A FEW OTHER EVENTS FOR
DECEMBER 18:

  • Happy birthday Marilyn Sachs (The Bear’s House, A Pocket Full of Seeds).
  • It’s the birth date of Alison Uttley (1884–1976) A Country Child, A Traveler in Time.
  • Also born on this day was the Soviet Union leader Joseph Stalin (1878–1953). Read The Inner Circle: An Inside View of Soviet Life Under Stalin, by Andrei Konshalovsky and Alexander Lipkov.
  • It’s New Jersey Day, in honor of this state’s birthday. In 1787, New Jersey was the third state to ratify the U.S. Constitution. Read Voices from Colonial America: New Jersey 1609–1776 by Robin Doak and The Wizard, The Witch, and Two Girls from Jersey by Lisa Papademetriou.
  • Regardless of which winter holiday you celebrate, if any at all, enjoy Bake Cookies Day.

On December 18, 1956, one of the most popular long-running television shows, To Tell the Truth, premiered. Truth, of course, is a slippery thing. What seems true to one person does not appear that way to another. One of our best novels for ten- to fourteen-year-olds, published in 1991 and already a classic, explores the issues of what is true, what is false, and what is misleading. In Avi’s Nothing But the Truth, ninth grader Phillip Malloy faces problems both at school and at home. His only release comes in running and in his dreams of making the track team. But a D in English, from veteran teacher Margaret Narwin, ends his quest—although the track coach suggests that Phillip simply go to the teacher and see if he can make up work.

Phillip takes another approach—goading her. In her home room, when “The Star-Spangled Banner” is played “for respectful silent attention” over the public announcement system, Phillip starts to hum. After this continues and he refuses to stop, Ms. Narwin sends him to the vice principal, who eventually suspends him for repeated incidents of disrespect. Then Phillip and his father talk to the press—about the unpatriotic nature of the school. At this point, the media coverage all over the country causes the situation to spiral out of control.

The story itself is so suspensefully crafted that it would be a page-turner even if told as a straight narrative. But Avi has presented the differing points of view by using a variety of forms—memos, letters, conversations, interviews, and Phillip’s diary. Hence readers get to see the evolving story from multiple perspectives.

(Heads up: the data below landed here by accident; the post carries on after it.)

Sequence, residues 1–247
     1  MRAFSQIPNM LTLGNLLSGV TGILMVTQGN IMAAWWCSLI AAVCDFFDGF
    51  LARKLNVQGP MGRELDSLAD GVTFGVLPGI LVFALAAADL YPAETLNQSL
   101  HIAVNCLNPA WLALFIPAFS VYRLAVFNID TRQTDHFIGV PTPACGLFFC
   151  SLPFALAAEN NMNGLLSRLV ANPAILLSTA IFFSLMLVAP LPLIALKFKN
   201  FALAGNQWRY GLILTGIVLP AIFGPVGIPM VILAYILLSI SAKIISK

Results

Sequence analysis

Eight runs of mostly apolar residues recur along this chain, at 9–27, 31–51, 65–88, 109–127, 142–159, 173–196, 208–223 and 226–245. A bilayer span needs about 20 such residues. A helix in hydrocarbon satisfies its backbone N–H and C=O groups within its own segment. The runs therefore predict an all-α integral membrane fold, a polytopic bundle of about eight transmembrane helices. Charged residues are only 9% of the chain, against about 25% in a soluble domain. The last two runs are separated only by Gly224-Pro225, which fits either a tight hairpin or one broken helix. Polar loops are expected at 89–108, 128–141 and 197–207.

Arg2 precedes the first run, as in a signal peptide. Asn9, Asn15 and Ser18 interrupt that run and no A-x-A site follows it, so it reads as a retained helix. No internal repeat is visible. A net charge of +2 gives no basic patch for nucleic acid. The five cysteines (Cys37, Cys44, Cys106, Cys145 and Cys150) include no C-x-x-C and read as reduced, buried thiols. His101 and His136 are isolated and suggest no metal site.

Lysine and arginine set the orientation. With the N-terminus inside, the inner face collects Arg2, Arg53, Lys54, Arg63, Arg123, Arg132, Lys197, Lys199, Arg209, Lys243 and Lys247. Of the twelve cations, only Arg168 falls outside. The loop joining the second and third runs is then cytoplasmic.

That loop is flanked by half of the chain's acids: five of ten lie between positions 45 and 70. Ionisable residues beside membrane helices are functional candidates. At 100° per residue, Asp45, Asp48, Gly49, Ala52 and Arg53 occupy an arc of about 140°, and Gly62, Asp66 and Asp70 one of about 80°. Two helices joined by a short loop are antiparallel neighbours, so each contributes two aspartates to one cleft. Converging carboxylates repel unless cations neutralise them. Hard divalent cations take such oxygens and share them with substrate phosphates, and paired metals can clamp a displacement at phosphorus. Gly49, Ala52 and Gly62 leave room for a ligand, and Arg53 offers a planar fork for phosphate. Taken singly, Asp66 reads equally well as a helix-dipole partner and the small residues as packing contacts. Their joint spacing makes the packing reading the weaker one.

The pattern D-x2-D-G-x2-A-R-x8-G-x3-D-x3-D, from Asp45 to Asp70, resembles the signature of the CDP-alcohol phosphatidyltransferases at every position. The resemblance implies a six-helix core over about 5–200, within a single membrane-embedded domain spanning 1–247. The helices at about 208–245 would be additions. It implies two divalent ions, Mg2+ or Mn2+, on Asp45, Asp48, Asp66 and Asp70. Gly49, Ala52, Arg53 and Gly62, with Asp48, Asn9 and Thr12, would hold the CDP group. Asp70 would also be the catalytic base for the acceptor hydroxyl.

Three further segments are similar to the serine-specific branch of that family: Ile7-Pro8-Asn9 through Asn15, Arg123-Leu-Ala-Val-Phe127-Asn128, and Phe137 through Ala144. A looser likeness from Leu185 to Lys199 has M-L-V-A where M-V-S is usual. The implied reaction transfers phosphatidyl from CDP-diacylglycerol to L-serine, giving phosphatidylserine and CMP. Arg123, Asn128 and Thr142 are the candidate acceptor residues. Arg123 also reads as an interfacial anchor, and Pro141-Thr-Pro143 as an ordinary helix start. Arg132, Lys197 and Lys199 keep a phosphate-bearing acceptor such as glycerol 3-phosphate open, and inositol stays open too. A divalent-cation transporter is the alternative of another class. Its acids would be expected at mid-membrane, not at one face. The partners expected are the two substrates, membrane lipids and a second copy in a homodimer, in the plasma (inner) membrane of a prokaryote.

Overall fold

Well written, well paced, and provocative, Nothing But the Truth works brilliantly when read by a group—because everyone will come to a slightly different understanding of the events, depending on how he or she reads the evidence. How truthful would their testimonies seem to be if Phillip or Margaret Narwin were tried in a court of law? The book also examines how accurately our media relates real incidents.

Avi’s Nothing But the Truth is an engaging story, but it also causes readers to think about truth, lies, and the consequences.

Here’s a passage from Nothing but the Truth:

 

MR. GRIFFEN: Before I get into my formal speech, I’d like to lead off—put it right at the top of your thoughts—with something that has happened here in Harrison, something that has disturbed me greatly. I am a great believer in basic American values. And let me tell you good people—and I am sure I speak for you too—I am shocked that a Harrison student should be expelled from one of our schools because he desires to sing the national anthem. Yes, my friends, it is the truth. It has happened here.

 

Originally posted December 18, 2010. Updated for .

Tags: Award Winning, Newbery, Politics, School